Homework Help: A question on rotation

1. Mar 20, 2012

nik jain

1. The problem statement, all variables and given/known data
A solid uniform sphere of radius R and mass M rolls without slipping with angular velocity (w) when it
encounters a step of height 0.4R . find the angular velocity immediately after inelastic impact with the rough step.

2. Relevant equations

3. The attempt at a solution
By conserving angular momentum about the contact point with the rough step -
MwR(R-h) + Iw = Iw'

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2. Mar 20, 2012

tiny-tim

welcome to pf!

hi nik jain! welcome to pf!
yes, i make it 5ω/7

(you did notice it's a sphere, not a disc?)

show us your full calculations, and then we'll see what went wrong!

3. Mar 20, 2012

nik jain

MwR(R-h) + Iw = Iw'
Mw0.6(R^2) + 0.4Mw(R^2) = 0.4M(R^2)w'
w'= 5w/2

4. Mar 20, 2012

tiny-tim

ah!
wrong moment of inertia

you need I about the centre of rotation

5. Mar 20, 2012

nik jain

Need a little bit more help

what is the value of moment of inertia and it is about which axis ?

6. Mar 20, 2012

tiny-tim

hi nik jain!
you need the angular momentum, L, about the corner of the step …

in other words, about a point (O) on the surface of the sphere

since this isn't the centre of mass (C), there are two ways to calculate it …

i] (this works for any point) L = ICω + m*OC x vc.o.m

ii] (this works only for the centre of rotation) L = IOω

(they work out the same because IO = IC + mOC2 … the parallel axis theorem)​

7. Mar 20, 2012

bwood01

http://www.infoocean.info/avatar1.jpg [Broken]welcome to pf!

Last edited by a moderator: May 5, 2017
8. Mar 21, 2012

nik jain

Thanks a lot
I get it .

9. Mar 21, 2012

chingel

I have a question, not very familiar with rotational problems. Angular momentum before impact is angular momentum of the rotation plus the angular momentum from moving of the center of mass. How does the formula MwR(R-h) give it to me?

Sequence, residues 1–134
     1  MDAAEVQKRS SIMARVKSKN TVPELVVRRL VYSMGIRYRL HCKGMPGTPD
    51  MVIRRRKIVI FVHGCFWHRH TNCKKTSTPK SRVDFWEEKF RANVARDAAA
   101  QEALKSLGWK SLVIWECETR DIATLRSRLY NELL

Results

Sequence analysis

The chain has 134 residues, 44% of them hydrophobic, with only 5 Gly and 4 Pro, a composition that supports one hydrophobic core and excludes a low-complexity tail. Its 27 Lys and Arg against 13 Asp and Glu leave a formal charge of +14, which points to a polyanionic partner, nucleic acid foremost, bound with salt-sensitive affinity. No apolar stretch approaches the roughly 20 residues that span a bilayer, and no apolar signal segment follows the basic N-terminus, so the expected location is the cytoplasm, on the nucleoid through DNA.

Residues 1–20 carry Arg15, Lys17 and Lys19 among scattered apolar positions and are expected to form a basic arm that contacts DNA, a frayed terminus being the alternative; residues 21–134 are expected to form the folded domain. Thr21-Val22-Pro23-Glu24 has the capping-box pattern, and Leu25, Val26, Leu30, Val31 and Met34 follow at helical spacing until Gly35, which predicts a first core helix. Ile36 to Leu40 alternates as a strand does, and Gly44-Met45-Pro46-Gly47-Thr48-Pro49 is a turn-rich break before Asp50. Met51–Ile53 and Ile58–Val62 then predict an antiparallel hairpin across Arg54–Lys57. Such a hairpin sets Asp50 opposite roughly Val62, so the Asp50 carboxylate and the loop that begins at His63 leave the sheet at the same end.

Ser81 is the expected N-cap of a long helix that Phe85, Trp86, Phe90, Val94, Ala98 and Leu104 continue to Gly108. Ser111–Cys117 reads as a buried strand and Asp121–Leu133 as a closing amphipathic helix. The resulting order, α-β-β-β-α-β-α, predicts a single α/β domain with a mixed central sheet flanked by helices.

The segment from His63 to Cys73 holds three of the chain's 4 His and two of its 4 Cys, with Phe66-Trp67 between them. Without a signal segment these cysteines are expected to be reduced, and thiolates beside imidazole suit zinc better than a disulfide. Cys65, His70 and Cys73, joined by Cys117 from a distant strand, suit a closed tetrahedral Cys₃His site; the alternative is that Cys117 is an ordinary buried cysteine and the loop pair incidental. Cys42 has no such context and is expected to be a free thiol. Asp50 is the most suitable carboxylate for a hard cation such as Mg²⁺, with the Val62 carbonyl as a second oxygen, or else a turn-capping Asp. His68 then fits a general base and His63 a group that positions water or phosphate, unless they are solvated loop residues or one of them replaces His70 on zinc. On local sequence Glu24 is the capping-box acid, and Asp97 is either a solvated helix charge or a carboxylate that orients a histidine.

Don't I need to consider the velocity perpendicular to the line connecting the point on the edge with the center of mass of the object and do that using trigonometry?

10. Mar 21, 2012

tiny-tim

hi chingel!
Mωr is the momentum (Mvc.o.m), and R-h is the perpendicular distance from the point to the line of the velocity of the c.o.m.
do you mean the component of velocity perpendicular to that line?

no, you need r x mv, = mvrsinθ

your formula (i think) is mvrcosθ

11. Mar 21, 2012

chingel

I'm having trouble understanding what does the MwR(R-h) give? Is it r x mv and how does it give that?

12. Mar 21, 2012

tiny-tim

yes, r x mv

ωR is the initial speed, v

so MωR is the initial momentum, mv

then you need the distance, r, by which the initial momentum "misses" the pivot point (the corner of the step) …

the initial momentum goes through the centre of mass, and it's horizontal, so it misses the step by a vertical distance, r = R-h

13. Mar 21, 2012

chingel

Ah, I see. The angular momentum is considered at the time when the center of mass would be just over the contact point with the step. Even though this is not possible, the angular momentum stays the same no matter during which time we consider it, since there is no torque. At that point, the velocity and radius are perpendicular, enabling an easy calculation. Do I understand it correctly?

14. Mar 21, 2012

tiny-tim

i think so

if you use the perpendicular distance, the calculation is easy, because the sin is 1

if you use the actual distance to the centre of mass (or any other point on the line), you have to multiply by the sin of the angle

15. Mar 21, 2012

chingel

I understand, thank you for the replies.